When U.S. health regulators find serious problems with how medical researchers collect their data, the researchers’ final reports often don’t mention it, a new analysis suggests.
Out of 78 published papers reporting on clinical trials in which the U.S. Food and Drug Administration found very serious issues, only three mentioned any violations, the new report says.
“These are major things,” said Charles Seife, a journalism professor and the study’s author.
Using documents and data from 1998 to 2013, Seife and his students at New York University in New York City identified 57 clinical trials that received an “official action indicated” violation - the most serious type of violation for trials - for reasons including poor recordkeeping, false information and poor patient safety.
Among the 78 published analyses of data from these sanctioned trials, only three noted the violations, which included researchers falsifying the data and patients being included in the trial even though they weren't eligible for it.
The problems that weren't reported were sometimes egregious. One paper, for example, said all patients reported improvement, but in fact, the FDA found that one patient had a foot amputated two weeks after receiving the treatment.
In another case, the entire clinical trial was considered unreliable by the FDA - but the published paper didn't mention that.
In another, researchers falsified data, which led to one patient’s death.
Data on these violations are not readily available. So it's impossible to say how often tainted data are published and how often the violations are noted, Seife said.
“No one really knows unless you go through these documents that anyone is questioning the integrity of the trials,” he said.
Doctors, he added, would want to know if the FDA found serious problems with data collection, since they'll be using that data to decide which medication is best for their patients.
Similarly, he said, editors of medical journals should be concerned because the violations may undermine the credibility of the information they publish.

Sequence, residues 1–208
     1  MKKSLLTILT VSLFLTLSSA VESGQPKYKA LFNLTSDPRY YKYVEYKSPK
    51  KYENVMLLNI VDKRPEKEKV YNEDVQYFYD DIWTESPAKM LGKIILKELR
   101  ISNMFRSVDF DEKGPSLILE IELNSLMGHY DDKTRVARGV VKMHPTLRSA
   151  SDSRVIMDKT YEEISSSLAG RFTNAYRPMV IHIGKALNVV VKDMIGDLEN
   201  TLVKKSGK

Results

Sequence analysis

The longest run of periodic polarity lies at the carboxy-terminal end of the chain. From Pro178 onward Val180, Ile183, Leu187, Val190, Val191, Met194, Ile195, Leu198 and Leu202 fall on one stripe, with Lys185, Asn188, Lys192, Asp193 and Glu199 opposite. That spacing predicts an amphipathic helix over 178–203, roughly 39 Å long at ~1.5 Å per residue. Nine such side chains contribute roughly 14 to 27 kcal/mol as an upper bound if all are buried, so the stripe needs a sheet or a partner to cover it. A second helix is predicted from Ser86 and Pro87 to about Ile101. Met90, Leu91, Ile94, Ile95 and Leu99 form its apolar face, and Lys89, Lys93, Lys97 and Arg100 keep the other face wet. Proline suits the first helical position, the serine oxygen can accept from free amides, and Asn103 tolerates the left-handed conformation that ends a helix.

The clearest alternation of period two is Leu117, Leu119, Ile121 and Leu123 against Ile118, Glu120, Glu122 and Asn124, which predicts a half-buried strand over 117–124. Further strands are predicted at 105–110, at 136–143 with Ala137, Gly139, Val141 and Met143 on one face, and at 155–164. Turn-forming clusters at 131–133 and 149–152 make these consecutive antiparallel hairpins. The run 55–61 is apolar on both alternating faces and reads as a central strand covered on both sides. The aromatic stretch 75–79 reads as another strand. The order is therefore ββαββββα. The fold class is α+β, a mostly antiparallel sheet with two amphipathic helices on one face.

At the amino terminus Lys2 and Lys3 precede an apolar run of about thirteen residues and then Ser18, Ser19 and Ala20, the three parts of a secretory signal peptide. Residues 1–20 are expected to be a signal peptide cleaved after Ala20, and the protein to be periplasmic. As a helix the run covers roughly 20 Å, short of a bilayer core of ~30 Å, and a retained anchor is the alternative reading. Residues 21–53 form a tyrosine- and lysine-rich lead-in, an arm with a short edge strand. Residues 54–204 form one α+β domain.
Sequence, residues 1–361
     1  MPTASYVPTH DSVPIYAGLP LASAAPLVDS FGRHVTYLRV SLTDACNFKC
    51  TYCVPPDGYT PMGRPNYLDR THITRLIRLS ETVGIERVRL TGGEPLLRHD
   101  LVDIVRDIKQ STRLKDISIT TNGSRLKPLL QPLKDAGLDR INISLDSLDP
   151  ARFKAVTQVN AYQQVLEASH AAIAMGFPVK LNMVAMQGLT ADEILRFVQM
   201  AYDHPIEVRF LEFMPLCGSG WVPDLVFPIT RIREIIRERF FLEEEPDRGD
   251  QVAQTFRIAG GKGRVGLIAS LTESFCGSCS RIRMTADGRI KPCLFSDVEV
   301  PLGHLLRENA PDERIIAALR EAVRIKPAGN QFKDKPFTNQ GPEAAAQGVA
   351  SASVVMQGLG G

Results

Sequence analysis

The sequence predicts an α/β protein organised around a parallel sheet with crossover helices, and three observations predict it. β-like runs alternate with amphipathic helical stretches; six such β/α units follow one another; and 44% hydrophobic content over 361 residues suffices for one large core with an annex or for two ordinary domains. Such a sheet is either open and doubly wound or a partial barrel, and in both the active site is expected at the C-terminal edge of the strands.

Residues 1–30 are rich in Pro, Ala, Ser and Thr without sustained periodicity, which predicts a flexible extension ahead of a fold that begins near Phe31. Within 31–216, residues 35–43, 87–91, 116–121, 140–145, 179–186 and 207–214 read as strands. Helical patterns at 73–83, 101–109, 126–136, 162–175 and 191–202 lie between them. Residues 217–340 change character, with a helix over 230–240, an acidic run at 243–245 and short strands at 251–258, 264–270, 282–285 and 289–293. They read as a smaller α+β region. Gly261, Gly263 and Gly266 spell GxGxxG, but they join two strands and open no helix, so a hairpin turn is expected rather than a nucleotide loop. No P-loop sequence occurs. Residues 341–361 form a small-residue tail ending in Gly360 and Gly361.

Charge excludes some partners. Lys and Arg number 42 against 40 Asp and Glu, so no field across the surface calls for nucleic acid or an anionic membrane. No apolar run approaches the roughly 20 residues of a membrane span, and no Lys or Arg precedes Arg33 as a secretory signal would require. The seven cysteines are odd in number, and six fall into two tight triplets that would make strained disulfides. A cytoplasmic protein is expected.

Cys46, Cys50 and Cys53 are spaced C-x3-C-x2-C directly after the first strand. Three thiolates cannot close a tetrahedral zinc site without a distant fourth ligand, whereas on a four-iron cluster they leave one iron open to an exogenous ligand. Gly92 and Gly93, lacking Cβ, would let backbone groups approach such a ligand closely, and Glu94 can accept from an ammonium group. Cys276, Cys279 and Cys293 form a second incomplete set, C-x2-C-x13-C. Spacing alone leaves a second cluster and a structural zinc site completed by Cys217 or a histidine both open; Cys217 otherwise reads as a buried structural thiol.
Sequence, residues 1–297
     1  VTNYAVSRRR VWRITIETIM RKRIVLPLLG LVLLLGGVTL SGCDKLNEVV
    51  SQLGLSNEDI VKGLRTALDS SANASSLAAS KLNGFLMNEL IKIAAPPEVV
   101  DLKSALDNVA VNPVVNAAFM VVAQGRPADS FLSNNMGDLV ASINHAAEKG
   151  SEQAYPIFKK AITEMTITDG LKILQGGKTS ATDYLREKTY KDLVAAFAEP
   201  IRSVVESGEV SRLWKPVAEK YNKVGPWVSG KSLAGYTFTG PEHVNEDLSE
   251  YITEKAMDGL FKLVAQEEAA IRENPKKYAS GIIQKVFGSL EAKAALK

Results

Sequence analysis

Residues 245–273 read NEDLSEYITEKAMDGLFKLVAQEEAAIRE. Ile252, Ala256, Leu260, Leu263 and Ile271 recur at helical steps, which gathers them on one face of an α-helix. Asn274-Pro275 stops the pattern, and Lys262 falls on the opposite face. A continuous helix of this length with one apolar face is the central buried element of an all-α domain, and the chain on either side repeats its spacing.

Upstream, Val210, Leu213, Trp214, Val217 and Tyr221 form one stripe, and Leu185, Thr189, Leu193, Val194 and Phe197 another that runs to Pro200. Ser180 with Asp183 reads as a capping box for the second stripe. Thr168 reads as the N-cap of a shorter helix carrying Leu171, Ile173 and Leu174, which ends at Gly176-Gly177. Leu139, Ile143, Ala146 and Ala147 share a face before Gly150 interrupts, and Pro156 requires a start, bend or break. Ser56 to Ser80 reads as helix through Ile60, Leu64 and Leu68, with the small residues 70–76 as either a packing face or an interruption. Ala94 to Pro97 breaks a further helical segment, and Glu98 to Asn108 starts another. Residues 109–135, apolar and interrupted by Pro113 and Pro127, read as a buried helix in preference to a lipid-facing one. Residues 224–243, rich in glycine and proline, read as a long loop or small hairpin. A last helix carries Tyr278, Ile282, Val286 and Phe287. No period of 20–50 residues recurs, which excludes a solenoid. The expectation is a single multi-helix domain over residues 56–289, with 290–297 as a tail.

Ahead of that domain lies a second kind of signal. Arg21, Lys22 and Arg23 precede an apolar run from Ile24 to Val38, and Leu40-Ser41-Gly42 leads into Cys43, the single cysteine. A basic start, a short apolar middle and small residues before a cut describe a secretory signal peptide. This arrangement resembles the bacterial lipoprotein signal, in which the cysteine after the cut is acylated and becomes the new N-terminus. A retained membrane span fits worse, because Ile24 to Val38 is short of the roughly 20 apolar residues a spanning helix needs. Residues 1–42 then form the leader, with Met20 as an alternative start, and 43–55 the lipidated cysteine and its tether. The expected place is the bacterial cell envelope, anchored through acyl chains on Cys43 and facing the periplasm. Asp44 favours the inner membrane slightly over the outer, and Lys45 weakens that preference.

“This study highlights some disturbing examples where articles were published and information was lacking and this would be a concern to readers,” said Dr. Robert Steinbrook, an editor at large at JAMA Internal Medicine who co-authored an editorial published with Seife's report.
“What this does is call attention to a communication issue,” said Steinbrook, who is also affiliated with the Yale School of Medicine in New Haven, Connecticut.
While he said communication with the FDA improved on such issues, “our suggestion is to go further.”
For example, both his editorial and the study suggest that clinical trial inspection reports be attached to the U.S. government’s database at ClinicalTrials.gov.
In a statement to Reuters Health, the FDA said it “. . . is committed to increasing the transparency of compliance and enforcement activities with the goal of enhancing the public’s understanding of the FDA’s decisions, promoting the accountability of the FDA, and fostering an understanding among regulated industry about the need for consistently safe and high-quality products.”
Seife agrees that there's been movement toward more transparency, but he says there is still a lot to be done.
“I’m not sure you’ll ever get traction until there’s some incentive behind it,” he said.
SOURCES: bit.ly/1M6x1CD and bit.ly/1M6wYa3 JAMA Internal Medicine, online February 9, 2015.